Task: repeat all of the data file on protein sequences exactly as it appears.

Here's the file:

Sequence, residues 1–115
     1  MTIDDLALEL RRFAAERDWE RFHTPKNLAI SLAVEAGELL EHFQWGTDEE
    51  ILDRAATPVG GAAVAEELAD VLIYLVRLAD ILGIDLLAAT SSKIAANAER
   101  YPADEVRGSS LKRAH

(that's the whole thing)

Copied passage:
Sequence, residues 1–115
     1  MTIDDLALEL RRFAAERDWE RFHTPKNLAI SLAVEAGELL EHFQWGTDEE
    51  ILDRAATPVG GAAVAEELAD VLIYLVRLAD ILGIDLLAAT SSKIAANAER
   101  YPADEVRGSS LKRAH